Circus Museum’s Tibbals Learning Center To Open January 2006 $15.6 Million State-of-the-Art Building Marks First Phase of Expansion at The John and Mable Ringling Museum of Art
SARASOTA, Fla. – July 19, 2005 - The Tibbals Learning Center, the newest addition to the Ringling Circus Museum at The John and Mable Ringling Museum of Art, is slated to open to the public in January, 2006. The opening of the new center will mark the completion of the first phase of a $76-million, seven-year expansion at the 66-acre Ringling estate, which includes a new Visitor’s Pavilion housing the restored historic Asolo Theater, an educational wing and new gallery space at the art museum.
The Tibbals Learning Center will more than double the present exhibition space at the Circus Museum. The state-of-the-art 30,600 sq. ft. center will house interactive circus exhibitions and display the Howard Bros. Circus, the world’s largest miniature circus. The ¾-inch-to-a-foot scale replica of Ringling Bros. and Barnum & Bailey Circus was created by master model builder, philanthropist and circus enthusiast Howard C. Tibbals of Tennessee and Florida. Tibbals donated $3 million in 2000 toward the construction of the new center and, later, he established a $3.5 million endowment to support innovative programs and staff for the Circus Museum. Additional donations by Ringling Museum donors were matched by the state of Florida, bringing the impact of Tibbals’ original gift to $16 million.
The Howard Bros. Circus is the largest miniature circus in the world, with eight main tents, 55 railroad cars, 152 circus wagons, 1,500 performers and circus personnel, and more than 500 animals. It occupies 3,800 sq. ft. on the first floor of the Tibbals Learning Center. A miniature circus street parade model, built by Tibbals’ model-building mentor Harold Dunn, is on display on the center’s second floor. The street parade contains 38 circus wagons, 472 individually handcrafted performers and 442 animals, and it measures 148 feet in length. Each individually carved and hand-painted wagon, animal and performer is an exact replica of a famous circus wagon, including the Five Graces which is presently housed in the Circus Museum.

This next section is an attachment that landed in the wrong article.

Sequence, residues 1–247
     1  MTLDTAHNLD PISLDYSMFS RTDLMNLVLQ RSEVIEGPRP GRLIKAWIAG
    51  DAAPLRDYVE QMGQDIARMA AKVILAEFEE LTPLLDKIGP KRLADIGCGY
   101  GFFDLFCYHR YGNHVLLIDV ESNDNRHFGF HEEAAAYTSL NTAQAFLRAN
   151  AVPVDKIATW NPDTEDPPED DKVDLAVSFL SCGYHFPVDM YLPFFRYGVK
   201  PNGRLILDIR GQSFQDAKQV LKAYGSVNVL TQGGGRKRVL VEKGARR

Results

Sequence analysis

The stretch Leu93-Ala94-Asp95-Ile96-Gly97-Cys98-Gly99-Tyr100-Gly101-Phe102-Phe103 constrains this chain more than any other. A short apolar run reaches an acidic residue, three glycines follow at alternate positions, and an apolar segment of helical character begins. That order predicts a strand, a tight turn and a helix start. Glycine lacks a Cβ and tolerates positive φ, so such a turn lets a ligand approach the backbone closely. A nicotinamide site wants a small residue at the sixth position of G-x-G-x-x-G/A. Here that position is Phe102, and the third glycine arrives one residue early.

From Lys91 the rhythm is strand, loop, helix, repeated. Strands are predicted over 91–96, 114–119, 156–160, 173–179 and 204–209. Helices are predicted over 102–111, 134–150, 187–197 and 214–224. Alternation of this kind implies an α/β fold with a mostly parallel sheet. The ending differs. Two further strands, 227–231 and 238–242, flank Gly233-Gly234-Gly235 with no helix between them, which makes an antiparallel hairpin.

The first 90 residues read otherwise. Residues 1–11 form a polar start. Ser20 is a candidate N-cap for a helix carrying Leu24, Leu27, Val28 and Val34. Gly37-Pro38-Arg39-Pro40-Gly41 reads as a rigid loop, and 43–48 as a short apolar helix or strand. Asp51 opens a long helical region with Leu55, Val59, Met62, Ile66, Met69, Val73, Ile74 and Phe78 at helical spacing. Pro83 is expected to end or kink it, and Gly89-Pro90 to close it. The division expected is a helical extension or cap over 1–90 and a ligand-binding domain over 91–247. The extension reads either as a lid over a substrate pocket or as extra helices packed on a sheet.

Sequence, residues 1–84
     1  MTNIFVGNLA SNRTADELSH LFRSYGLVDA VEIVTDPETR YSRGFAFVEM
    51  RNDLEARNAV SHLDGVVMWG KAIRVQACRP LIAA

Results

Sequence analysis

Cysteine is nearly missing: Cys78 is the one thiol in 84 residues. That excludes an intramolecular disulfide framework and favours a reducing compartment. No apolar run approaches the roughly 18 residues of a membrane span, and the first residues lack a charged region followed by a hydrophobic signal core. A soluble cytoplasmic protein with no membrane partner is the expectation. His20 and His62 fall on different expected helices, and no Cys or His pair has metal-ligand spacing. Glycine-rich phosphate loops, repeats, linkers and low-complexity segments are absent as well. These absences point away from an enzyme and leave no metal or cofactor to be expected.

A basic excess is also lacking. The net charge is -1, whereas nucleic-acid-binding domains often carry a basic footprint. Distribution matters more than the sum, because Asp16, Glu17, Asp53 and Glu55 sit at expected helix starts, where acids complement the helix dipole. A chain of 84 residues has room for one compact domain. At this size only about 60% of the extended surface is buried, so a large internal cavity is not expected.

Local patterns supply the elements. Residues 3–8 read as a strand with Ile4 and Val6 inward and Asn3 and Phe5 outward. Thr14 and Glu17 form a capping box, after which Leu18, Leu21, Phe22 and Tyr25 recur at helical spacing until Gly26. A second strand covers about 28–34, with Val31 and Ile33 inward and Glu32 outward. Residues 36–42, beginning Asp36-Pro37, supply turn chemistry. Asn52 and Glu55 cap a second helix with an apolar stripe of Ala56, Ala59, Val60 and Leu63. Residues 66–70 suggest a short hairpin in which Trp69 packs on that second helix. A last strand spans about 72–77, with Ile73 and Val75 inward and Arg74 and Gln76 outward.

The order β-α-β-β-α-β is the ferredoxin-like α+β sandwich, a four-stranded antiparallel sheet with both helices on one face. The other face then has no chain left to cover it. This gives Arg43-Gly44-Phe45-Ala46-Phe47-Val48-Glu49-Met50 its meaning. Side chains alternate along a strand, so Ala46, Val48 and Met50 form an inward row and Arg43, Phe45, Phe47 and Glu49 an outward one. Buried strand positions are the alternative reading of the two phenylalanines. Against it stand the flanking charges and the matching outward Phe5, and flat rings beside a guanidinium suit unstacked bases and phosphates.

The Tibbals Learning Center will also present interactive circus displays, and a revolving exhibition of more than 5,700 authentic circus posters. Tibbals’ personal workshop is also housed on the center’s second floor, allowing visitors to learn how the model builder created his amazing miniature.
“The Howard Bros. Circus is the preeminent model of the American circus, and is a marvel to behold,” said Dr. John Wetenhall, Executive Director of The John and Mable Ringling Museum of Art. “Howard Tibbals is a master model builder, circus historian and life-long circus enthusiast. His generous gift and miniature circus will introduce thousands of visitors to the illustrious history of the circus in America.”
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